Raiders’ McKenzie testifies age wasn’t a factor in firings
Oakland Raiders general manager Reggie McKenzie testified Thursday that he fired two veteran scouts three years ago because he didn’t think they were good enough to head the football team’s scouting operation, not because of their age.
Taking the witness stand in an age discrimination lawsuit filed in Alameda County Superior Court by Bruce Kebric and Jon Kingdon, who had both been with the Raiders for more than 30 years, McKenzie said, “I don’t feel they did their job” as leaders of the scouting group.
He said, “They did a regular job, but I didn’t think they were good enough” to oversee all the other scouts. McKenzie, who was hired as general manager by Raiders owner Mark Davis on Jan. 6, 2012, fired Kebric and Kingdon on May 1, 2012, shortly after the National Football League draft that year.
As scouts, Kebric and Kingdom helped the Raiders evaluate college players and choose which ones to draft. Kingdon was 59 at the time and Kebric was 68. Kebric is a member of the scouting hall of fame.
In their suit, which was filed on June 6, 2013, the two former scouts accuse the Raiders of age discrimination, discharge in violation of public policy, breach of contract, bad faith and intentional infliction of emotional distress. They are seeking unspecified general and punitive damages.
After the suit was filed, the Raiders said in a statement that:
“These claims of age discrimination are meritless. … The Oakland Raiders have a long history of being an equal opportunity employer, without regard to race, gender, religion or age.”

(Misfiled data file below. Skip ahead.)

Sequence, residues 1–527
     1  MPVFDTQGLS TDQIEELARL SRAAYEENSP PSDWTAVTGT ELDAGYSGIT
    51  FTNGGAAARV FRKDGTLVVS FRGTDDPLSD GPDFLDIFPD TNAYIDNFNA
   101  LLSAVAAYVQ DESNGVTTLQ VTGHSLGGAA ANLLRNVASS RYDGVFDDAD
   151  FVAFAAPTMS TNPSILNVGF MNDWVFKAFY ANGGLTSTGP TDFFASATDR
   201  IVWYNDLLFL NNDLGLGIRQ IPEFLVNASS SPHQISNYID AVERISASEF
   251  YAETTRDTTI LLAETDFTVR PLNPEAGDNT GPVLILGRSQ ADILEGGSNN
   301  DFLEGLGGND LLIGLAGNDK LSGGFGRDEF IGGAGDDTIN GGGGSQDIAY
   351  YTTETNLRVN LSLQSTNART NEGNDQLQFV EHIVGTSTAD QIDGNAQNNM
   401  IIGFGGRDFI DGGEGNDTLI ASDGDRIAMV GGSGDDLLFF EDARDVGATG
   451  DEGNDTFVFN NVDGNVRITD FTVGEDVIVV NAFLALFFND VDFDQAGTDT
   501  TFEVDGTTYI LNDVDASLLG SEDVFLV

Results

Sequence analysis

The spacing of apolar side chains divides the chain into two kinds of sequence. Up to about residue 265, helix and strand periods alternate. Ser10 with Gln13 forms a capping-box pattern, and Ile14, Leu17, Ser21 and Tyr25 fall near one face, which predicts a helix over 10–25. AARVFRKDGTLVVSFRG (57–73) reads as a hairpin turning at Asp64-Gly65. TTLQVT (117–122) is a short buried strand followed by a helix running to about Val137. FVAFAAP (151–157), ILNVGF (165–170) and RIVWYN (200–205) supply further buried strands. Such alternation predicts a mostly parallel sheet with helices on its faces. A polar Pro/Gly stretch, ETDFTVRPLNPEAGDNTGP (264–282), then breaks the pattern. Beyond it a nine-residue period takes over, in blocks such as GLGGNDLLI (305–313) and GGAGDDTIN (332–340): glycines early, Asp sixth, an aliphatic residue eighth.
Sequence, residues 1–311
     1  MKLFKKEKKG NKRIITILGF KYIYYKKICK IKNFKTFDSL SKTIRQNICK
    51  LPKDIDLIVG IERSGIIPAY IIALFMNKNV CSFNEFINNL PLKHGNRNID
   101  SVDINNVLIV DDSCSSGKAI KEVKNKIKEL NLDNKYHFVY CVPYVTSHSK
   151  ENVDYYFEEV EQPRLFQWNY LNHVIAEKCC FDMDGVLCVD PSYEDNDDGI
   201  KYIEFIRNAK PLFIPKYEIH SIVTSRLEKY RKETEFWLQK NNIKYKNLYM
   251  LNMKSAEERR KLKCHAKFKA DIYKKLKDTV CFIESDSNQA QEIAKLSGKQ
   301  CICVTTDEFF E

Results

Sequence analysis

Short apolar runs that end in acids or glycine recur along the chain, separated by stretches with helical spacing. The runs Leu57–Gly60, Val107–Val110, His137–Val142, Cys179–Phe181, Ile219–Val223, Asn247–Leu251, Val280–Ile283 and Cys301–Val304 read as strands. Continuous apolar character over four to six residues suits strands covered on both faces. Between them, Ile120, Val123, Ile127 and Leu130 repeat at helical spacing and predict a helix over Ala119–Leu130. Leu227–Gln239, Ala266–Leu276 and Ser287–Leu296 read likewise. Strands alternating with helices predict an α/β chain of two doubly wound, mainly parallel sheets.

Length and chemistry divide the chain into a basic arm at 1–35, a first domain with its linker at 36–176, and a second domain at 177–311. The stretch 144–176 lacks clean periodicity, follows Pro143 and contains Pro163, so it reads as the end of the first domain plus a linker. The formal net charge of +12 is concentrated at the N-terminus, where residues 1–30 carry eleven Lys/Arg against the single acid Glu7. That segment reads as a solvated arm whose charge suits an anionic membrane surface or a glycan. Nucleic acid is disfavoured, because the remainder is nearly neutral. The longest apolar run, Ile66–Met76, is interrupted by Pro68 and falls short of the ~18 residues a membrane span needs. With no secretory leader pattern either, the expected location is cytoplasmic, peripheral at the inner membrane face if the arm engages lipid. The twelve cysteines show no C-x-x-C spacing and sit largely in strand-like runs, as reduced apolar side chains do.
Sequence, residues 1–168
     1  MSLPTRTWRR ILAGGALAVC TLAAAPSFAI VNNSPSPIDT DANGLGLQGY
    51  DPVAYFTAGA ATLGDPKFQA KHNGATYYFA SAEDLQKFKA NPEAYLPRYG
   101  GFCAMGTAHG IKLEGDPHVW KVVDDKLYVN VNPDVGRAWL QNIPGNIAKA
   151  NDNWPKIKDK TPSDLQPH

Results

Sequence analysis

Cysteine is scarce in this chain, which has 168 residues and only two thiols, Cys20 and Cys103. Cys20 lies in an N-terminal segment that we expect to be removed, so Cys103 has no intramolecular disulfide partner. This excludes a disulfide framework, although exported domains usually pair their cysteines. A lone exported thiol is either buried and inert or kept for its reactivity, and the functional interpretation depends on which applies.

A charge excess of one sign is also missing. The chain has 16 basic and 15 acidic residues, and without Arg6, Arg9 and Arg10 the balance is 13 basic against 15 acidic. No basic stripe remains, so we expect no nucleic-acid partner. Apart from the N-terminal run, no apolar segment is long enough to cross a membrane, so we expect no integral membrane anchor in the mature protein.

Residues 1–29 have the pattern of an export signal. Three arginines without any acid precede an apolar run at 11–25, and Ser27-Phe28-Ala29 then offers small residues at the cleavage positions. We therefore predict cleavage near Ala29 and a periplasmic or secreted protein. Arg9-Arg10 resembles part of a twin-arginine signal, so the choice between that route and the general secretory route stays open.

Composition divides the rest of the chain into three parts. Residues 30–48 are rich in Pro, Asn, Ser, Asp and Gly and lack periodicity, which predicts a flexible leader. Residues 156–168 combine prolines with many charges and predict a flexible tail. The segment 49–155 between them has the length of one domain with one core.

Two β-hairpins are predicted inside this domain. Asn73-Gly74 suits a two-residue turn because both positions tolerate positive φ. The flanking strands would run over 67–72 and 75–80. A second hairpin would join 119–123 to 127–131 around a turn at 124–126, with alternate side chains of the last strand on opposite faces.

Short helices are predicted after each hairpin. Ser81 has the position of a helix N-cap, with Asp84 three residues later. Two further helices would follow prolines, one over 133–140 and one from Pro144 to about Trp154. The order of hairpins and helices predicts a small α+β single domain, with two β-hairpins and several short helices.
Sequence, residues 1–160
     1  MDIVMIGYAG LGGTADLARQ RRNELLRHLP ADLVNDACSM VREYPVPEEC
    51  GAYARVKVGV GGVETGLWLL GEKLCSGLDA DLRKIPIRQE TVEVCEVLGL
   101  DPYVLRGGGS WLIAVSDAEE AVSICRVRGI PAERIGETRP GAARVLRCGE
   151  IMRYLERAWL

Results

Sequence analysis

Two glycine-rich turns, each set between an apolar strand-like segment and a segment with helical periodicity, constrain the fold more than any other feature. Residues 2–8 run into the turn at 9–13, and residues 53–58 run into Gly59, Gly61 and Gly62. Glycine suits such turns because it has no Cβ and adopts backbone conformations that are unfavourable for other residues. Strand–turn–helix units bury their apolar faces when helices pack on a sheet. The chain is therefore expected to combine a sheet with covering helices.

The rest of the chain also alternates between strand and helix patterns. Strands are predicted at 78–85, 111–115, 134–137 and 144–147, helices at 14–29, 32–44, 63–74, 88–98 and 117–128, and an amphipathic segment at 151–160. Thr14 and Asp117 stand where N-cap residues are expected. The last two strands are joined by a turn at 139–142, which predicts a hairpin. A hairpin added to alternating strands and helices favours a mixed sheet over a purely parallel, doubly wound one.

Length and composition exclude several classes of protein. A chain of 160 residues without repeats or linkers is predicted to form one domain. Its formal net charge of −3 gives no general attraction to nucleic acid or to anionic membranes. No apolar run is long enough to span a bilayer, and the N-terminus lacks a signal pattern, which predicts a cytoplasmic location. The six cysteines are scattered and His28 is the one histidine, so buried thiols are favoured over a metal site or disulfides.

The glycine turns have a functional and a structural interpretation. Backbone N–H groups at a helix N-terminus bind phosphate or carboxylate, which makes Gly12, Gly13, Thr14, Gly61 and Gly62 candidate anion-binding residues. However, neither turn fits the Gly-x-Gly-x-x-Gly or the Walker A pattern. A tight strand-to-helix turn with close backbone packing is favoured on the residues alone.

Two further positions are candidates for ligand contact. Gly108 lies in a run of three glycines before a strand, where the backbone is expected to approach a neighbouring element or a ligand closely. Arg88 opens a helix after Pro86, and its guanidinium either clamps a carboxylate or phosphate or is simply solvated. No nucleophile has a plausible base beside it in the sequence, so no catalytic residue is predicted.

McKenzie has said that he wanted to hire his own leadership team after he became general manager, but Barbara Lawless, the attorney for Kingdon and Kebric, said outside court today that she thinks McKenzie and Davis wanted to bring in young people and get rid of older people.
Davis took over as the Raiders’ owner in October 2011 after the death of his father Al Davis, the team’s longtime leader. He will testify when the trial resumes on Tuesday.
To try to prove her contention that Davis and McKenzie favored younger people, Lawless called Contra Costa Times sportswriter Steve Corkoran, who has covered the Raiders for many years, to the witness stand.
Corkoran said that when Dennis Allen was hired as the Raiders’ head coach on Jan. 24, 2012, Davis told reporters several times that one of the reasons he hired Allen, who was 39 at the time, was that he was young.
Allen was the youngest head coach in the National Football League at the time. McKenzie testified today that he wasn’t aware of that fact when he hired Allen but he learned that later. The Raiders fired Allen on Sept. 29 after he compiled a record of only 8 wins and 28 losses.
Corkoran said scouts at other teams told him they were surprised when the Raiders fired Kebric and Kingdon. Corkoran testified:
“They said they couldn’t believe the Raiders got rid of Bruce (Kebric) and Jon (Kingdon) and said they were two of the best in the league.”
McKenzie said Kebric “was a solid scout” but “wasn’t right on (evaluating) a whole lot of players” and wasn’t what he was looking for as a head scout. But he said he fired Kingdon because “he was not very organized at all and lacked a lot of things.”
McKenzie said Kingdon:
“… was not a good evaluator and was not a good communicator and I thought he needed to be replaced.”